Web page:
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Queens Health Glossary
An Understandable Medical Glossary
Healthcare can often be confusing. Patients often nod their heads and seem to convey to their doctor that they know what he or she is talking about – even when they have no idea. Some words are scary, some are too long and others don’t sound important when they really are. Ideally, patients should ask their doctor if they have a question about their health, but here is a simple explanation of some common terms, diseases and procedures to help patients better understand their medical issues.
AIDS: Acquired immunodeficiency syndrome. A disease of the immune system caused by the HIV virus. HIV/AIDS is one of the leading causes of death in Queens.
Allergen: A substance capable of producing an
Anaphylaxis: The most severe form of allergy, in which the person’s heart and lungs are unable to keep working, and death occurs unless prompt medical attention is obtained.
Anesthesia: Drug-induced loss of feeling or sensation, usually used in surgery.
Asthma: Asthma makes it difficult for you to breathe. This can happen only every now and then, or in more severe cases, every day. Asthma may also last throughout your life (a chronic disease), but you can control it through treatment with medications. Asthma makes it difficult to breathe because it can cause inflammation in your bronchial tubes, which carry air to the lungs. The inflammation usually starts slowly, but over time it can make the muscles that line the bronchial tubes get tight (bronchospasm). This can cause a blocking or narrowing of your airways, making it difficult to breathe. This is known as an acute asthma episode (also called an attack, flare-up, or exacerbation).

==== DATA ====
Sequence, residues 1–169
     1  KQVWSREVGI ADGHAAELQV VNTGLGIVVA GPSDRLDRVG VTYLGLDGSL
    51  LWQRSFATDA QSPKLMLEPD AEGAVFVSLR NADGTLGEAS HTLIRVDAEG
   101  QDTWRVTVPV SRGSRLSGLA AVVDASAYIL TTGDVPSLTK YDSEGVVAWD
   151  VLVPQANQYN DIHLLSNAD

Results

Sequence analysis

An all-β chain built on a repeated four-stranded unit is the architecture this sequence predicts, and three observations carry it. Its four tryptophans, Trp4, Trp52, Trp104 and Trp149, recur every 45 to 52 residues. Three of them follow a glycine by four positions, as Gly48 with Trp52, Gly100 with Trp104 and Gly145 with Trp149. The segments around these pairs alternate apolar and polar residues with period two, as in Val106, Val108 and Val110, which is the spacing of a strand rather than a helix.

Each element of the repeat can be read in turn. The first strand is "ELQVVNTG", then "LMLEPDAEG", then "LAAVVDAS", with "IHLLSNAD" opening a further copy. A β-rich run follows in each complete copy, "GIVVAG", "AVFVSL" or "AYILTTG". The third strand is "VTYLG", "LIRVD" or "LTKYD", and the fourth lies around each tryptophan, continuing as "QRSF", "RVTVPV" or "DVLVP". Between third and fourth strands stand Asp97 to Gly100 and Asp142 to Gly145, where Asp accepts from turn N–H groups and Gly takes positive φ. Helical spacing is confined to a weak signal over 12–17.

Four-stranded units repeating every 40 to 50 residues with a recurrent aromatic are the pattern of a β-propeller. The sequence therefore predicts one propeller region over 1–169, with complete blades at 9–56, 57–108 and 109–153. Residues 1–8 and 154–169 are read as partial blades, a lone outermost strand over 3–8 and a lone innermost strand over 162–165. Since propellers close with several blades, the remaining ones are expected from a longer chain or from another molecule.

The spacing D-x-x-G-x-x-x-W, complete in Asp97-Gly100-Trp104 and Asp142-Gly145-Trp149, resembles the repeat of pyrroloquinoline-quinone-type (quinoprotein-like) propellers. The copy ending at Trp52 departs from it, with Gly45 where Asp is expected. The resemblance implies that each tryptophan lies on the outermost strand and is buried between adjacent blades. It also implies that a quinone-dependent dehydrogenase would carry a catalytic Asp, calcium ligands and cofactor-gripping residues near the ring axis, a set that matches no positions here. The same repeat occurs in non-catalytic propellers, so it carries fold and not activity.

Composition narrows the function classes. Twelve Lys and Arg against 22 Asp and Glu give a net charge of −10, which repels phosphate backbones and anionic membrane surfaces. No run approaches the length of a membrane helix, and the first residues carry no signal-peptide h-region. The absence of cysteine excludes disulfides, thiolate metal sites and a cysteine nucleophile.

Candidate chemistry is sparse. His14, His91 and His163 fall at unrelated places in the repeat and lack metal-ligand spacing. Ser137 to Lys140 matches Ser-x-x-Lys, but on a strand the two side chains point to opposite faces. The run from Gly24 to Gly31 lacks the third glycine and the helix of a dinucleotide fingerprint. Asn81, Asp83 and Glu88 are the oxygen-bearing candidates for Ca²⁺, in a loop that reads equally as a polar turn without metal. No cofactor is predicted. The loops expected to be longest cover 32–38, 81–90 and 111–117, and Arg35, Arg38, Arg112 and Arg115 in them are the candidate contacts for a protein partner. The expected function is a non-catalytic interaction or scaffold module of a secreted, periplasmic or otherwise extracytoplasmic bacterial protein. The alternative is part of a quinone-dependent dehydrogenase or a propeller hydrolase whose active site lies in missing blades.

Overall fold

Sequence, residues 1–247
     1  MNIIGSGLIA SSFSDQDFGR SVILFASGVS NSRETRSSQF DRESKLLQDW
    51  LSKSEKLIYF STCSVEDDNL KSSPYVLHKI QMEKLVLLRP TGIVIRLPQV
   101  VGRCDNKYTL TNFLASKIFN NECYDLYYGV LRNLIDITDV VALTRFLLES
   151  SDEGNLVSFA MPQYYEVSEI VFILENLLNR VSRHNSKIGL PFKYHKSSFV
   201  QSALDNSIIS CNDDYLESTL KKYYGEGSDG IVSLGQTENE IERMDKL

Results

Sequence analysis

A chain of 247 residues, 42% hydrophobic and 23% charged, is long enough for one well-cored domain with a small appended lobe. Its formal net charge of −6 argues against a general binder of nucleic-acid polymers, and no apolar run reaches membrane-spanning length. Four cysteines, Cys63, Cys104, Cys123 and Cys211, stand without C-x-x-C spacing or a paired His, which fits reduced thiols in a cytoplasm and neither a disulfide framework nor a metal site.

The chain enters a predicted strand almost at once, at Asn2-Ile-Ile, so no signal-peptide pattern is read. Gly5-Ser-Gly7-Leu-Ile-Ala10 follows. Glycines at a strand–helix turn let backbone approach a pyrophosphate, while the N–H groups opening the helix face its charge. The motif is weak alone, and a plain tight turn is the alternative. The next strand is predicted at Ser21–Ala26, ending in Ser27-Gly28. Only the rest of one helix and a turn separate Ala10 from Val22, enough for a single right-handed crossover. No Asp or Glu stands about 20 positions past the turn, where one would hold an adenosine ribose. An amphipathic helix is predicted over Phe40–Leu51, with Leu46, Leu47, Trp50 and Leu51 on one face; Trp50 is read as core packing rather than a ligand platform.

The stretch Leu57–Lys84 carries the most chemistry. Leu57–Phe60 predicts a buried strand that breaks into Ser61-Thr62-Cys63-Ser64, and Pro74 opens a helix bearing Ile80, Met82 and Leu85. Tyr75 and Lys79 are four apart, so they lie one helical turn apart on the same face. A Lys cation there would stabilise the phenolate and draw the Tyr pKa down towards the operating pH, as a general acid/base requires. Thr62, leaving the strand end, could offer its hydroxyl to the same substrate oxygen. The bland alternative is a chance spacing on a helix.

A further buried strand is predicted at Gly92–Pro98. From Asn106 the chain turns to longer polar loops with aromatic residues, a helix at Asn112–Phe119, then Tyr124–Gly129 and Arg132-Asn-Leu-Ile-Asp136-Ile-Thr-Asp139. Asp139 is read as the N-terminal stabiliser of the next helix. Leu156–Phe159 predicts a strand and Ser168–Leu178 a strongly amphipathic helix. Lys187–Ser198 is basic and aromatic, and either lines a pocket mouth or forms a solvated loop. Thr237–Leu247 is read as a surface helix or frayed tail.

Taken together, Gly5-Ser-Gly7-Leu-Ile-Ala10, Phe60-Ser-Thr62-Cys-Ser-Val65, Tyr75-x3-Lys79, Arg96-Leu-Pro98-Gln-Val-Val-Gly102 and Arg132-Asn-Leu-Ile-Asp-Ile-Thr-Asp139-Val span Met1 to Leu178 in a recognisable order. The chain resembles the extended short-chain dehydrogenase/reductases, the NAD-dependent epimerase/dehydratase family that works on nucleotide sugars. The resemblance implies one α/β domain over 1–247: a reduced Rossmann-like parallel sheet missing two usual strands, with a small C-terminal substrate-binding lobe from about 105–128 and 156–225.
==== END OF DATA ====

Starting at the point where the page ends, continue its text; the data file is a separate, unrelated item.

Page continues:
Artery: A vessel that carries blood away from the heart to various parts of the body.
Bacterial Infections: Caused by single-celled microorganisms called bacteria that invade cells, and then make toxins to damage them, which is what causes sickness. Some bacterial infections are contagious, such as strep throat and tuberclosis, and others are not, such as those of the heart valves or bones.
Benign: A nonlife-threatening condition. Not malignant. Not cancerous.
Biopsy: A procedure where physicians insert a needle through the skin into the bone, organ or tissues being studied or make an incision through the skin to expose the area, and then remove a piece of it. The sample is then studied under a microscope to detect cancer, infection and other disorders.
Blood Culture: A test that detects infection in the blood caused by bacteria or fungi. A sample of blood is collected and examined to determine whether bacteria or fungi are present in the blood.
Bone Scan: A nuclear scanning test that identifies new areas of bone growth or breakdown. It can be done to evaluate damage to the bones, detect cancer that has spread to the bones and monitor conditions that can affect the bones.
Cancer: Abnormal cells with uncontrolled cell growth, the result of which can often be fatal.
Capillary: A small, blood-containing vessel connecting the veins and arteries.
Carbon Monoxide: An odorless, colorless, poisonous gas produced from the incomplete combustion of carbon. Prevents the blood from carrying oxygen.
Carcinogen: A cancer-causing substance, such as asbestos or saccharin.